When Britons imagine a prison, it’s often a fantasy made of spite. Too many believe that sentences are pitiably short (they’ve been lengthening, on average, for years), or that each cell is equipped with an Xbox (they’re overcrowded and often foul). HMP Grendon lives up, or down, to those fantasies: a Category B institution in Buckinghamshire, it’s Europe’s only “therapeutic prison”, and has an art school and gallery space.
Dean Kelland has been Grendon’s artist-in-residence since 2019, and Imposter Syndrome – mounted “on the outside”, at Ikon in Birmingham – is the product of that spell. There are films, photos and mixed-media works: all were made in collaboration with inmates, who appear in the films as well. The recurring motif is faces, whether donned as masks by the prisoners – sometimes white and blank, sometimes Bowie in long-haired phase – or cut out and pasted in collaged works.
In the therapeutic lexicon, “masking” is the behaviour with which we cover our private pain. Here, it’s also a legal convenience, to hide the prisoners’ faces for their sake and – Kelland stresses – their victims’ too. (He didn’t ask the inmates what they’d been imprisoned for.) In one video, So the Days Float Through My Eyes (2023), 12 men in Bowie masks hold up lyrics from Changes: “Just gonna have to be a different man…” In another, Walk a Mile in My Shoes (2022), an Elvis-masked figure lumbers along through Grendon’s halls, then does a quick signature Presley dance.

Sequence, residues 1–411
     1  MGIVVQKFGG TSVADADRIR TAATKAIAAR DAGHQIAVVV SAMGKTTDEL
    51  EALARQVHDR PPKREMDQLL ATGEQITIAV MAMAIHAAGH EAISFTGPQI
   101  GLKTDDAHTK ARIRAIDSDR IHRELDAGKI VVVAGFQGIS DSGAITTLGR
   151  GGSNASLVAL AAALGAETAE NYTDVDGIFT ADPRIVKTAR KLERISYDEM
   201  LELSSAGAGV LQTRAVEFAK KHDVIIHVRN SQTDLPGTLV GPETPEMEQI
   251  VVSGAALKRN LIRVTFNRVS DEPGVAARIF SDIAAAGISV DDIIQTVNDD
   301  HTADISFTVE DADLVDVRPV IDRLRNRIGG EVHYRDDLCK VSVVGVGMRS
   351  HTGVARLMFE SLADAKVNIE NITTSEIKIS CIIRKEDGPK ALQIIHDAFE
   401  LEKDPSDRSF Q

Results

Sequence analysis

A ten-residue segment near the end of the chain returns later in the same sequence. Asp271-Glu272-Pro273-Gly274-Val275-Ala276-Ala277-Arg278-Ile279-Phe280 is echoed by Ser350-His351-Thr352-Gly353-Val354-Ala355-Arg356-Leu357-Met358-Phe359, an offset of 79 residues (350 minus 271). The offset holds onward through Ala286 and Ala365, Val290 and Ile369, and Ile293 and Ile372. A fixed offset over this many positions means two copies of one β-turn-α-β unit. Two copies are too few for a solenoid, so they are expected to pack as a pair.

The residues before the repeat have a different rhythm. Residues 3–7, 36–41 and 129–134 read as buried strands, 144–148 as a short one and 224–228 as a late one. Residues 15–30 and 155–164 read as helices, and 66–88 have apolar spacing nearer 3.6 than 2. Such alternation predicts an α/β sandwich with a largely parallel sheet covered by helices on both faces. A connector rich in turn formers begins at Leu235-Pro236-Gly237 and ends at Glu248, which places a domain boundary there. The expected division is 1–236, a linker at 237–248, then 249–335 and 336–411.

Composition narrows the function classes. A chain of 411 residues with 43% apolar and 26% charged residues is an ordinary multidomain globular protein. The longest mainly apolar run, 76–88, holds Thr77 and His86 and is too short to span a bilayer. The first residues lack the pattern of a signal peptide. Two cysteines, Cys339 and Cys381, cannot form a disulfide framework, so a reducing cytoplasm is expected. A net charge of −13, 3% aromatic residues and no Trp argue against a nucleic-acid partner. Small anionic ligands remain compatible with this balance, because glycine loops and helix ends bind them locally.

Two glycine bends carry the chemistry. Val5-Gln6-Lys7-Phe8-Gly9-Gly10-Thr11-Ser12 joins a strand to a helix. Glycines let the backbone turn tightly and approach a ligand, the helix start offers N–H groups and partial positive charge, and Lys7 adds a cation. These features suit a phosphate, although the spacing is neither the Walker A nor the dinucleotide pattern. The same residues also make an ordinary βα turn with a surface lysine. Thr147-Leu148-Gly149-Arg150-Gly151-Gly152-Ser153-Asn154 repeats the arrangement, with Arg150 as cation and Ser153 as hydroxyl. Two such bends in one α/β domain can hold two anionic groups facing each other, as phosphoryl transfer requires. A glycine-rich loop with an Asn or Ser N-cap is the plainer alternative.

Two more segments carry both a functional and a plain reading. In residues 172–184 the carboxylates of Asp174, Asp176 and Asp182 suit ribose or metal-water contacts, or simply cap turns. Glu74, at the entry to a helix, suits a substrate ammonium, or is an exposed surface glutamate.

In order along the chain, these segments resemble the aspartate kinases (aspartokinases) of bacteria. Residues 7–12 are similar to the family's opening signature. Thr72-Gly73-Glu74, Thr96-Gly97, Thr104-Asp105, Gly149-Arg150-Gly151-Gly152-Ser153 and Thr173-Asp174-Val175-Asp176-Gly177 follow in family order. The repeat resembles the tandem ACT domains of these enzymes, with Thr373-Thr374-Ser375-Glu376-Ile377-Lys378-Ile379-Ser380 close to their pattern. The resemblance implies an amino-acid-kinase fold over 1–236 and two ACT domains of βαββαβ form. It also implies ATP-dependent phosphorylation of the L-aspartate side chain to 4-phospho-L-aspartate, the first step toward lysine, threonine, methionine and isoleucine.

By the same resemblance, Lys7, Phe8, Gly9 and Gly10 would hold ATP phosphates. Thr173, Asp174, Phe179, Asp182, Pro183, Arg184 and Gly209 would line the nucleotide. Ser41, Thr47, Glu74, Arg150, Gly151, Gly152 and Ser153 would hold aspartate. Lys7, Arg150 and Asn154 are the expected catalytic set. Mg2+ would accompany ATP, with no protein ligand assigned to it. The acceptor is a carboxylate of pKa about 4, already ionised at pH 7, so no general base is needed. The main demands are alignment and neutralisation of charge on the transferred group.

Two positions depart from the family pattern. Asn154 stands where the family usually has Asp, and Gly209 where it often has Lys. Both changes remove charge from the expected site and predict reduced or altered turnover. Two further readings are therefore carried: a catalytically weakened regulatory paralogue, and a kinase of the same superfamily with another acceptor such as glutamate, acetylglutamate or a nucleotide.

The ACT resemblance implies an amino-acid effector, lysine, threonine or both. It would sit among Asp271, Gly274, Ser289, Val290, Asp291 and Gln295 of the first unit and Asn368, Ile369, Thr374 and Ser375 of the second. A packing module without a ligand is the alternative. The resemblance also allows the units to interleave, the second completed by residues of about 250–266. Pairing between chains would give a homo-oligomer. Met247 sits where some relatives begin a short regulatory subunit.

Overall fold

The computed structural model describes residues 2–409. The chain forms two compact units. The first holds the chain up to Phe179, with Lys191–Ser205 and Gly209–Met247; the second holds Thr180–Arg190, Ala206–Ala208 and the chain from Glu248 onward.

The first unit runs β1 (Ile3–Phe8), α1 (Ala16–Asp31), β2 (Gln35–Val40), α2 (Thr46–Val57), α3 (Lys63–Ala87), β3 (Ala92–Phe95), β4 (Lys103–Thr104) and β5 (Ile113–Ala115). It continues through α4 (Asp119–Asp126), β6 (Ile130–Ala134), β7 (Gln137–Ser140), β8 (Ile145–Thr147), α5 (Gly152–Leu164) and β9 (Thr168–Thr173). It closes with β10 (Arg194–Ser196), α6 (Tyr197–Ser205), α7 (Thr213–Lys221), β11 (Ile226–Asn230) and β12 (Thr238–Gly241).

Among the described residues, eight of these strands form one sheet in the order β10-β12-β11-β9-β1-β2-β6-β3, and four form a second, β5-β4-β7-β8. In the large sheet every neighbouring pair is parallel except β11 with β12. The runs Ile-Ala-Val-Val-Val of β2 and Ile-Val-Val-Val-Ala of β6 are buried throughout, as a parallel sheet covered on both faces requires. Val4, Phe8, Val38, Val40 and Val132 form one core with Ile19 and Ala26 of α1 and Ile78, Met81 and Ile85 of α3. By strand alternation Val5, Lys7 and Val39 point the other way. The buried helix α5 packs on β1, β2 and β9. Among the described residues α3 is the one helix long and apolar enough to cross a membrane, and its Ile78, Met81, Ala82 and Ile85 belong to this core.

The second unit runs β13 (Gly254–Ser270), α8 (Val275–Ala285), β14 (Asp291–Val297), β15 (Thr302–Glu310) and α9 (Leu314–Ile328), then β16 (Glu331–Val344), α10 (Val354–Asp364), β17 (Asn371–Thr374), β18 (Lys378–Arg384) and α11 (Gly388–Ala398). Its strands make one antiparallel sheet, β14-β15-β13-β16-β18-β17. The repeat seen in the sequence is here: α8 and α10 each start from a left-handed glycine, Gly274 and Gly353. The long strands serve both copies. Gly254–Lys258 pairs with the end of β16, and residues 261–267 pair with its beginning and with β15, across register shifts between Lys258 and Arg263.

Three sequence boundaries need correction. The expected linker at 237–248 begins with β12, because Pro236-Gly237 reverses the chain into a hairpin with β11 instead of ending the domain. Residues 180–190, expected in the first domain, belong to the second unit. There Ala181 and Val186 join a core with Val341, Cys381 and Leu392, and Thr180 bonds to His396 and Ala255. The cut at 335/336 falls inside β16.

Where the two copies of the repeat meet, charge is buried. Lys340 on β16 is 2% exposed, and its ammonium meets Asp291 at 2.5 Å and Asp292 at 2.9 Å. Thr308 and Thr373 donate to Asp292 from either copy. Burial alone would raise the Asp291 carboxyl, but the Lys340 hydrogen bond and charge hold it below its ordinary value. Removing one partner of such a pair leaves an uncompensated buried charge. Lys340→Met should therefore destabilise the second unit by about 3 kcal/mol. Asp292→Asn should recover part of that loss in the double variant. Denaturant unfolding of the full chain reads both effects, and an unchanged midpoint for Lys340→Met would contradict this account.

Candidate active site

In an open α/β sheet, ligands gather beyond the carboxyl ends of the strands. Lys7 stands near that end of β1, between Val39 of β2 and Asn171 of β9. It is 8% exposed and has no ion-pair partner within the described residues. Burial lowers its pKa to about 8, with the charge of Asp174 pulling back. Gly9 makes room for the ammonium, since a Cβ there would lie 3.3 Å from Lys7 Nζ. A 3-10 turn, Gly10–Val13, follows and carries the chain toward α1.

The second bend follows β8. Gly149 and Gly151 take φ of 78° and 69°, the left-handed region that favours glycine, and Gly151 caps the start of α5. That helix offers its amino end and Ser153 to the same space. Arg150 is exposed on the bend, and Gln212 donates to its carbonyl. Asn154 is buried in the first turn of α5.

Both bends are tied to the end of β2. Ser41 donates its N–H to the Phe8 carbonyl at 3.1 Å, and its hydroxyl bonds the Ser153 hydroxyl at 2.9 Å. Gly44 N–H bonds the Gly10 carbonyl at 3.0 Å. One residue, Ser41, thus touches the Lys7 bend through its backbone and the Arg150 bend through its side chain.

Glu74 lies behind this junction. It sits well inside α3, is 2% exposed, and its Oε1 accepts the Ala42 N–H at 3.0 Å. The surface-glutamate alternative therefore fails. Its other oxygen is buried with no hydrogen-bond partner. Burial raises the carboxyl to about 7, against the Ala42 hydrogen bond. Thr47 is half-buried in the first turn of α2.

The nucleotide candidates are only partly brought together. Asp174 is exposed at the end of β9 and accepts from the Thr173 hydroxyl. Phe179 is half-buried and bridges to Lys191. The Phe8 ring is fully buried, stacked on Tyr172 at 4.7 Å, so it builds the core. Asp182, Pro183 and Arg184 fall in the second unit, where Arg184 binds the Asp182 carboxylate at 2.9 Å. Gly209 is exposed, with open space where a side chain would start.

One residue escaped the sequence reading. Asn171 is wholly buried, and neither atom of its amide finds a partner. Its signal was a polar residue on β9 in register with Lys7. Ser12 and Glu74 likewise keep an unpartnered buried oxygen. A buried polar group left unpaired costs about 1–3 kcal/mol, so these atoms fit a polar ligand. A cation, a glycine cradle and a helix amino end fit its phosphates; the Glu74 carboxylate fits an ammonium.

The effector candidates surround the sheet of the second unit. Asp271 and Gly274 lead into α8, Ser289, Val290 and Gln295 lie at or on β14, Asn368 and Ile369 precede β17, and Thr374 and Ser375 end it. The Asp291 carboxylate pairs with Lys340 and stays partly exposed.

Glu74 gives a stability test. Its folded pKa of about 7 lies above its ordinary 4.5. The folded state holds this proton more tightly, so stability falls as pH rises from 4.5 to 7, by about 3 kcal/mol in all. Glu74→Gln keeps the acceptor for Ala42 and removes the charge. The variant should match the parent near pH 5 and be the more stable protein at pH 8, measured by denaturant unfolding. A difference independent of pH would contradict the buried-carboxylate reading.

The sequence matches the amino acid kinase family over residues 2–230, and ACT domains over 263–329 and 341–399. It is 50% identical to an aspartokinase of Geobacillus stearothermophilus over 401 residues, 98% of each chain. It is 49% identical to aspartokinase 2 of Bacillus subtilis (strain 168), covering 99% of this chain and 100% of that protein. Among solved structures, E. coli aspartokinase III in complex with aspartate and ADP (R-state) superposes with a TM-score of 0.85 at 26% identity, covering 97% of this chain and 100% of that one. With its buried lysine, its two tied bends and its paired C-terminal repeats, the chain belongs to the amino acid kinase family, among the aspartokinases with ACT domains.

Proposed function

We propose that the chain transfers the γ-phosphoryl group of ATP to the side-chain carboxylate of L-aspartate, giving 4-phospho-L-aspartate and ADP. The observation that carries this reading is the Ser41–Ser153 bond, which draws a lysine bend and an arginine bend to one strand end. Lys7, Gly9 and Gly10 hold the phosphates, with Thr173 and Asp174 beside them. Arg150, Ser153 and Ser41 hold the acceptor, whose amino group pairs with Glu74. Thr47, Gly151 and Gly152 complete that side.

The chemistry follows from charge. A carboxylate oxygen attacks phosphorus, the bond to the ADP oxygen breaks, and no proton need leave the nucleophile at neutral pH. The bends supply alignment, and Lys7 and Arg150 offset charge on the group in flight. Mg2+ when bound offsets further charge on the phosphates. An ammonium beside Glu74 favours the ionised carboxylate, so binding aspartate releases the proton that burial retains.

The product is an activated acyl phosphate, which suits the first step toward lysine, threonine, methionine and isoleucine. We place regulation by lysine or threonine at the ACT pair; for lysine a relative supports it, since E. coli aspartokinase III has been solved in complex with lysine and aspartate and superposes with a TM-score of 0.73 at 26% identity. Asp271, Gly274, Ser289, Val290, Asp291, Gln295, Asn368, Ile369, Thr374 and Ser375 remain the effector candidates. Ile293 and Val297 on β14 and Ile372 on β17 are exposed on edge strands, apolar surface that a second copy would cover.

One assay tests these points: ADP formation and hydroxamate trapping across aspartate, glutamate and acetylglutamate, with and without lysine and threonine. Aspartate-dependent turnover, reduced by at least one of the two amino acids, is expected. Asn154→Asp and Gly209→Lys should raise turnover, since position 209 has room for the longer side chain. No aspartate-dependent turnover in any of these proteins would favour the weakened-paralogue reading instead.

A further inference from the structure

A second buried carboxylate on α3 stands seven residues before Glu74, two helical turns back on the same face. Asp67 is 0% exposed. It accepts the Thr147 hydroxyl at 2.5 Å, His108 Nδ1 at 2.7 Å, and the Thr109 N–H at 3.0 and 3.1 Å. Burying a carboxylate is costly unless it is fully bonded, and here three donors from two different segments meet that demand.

For the series Tin Soldier (2023), pages from Hans Christian Andersen have been blown up, colour-washed, overdrawn with cell-like grids, and studded with faces of men the inmates find “challenging or flawed”, from Boy George to Bob Mortimer. Here, I began to waver: the meeting of muted paint and cartoonish heads isn’t dynamic, just inert – Pop Art with low energy. (Downstairs, there’s a show of abstract paintings by Mali Morris that thrum with circles and lines – a related inquiry, less direct but artistically sharper, into enclosing, and feeling, space.)
At first, Kelland’s point seemed obvious. The inmates are suspicious of masculinity, and want to unpick its cultural force. But gradually my opinion changed, as the ocean of faces became insistent. We look to them for familiarity, for reassurance: to see them cut up, floating, repeated, is deeply unsettling. Whether trying on fame or emptiness, these prisoners – deprived, remember, of most social rights – are digging at the roots of personhood, and how rootlessness threatens us all.
In the light of Britain’s contempt for prisoners, Grendon is a politically heroic place. It also, inevitably, works: its inmates’ rate of recidivism is drastically reduced. Imposter Syndrome may be imperfect, but – much better – it’s a serious, sincere show.
Until December 22. Info: ikon-gallery.org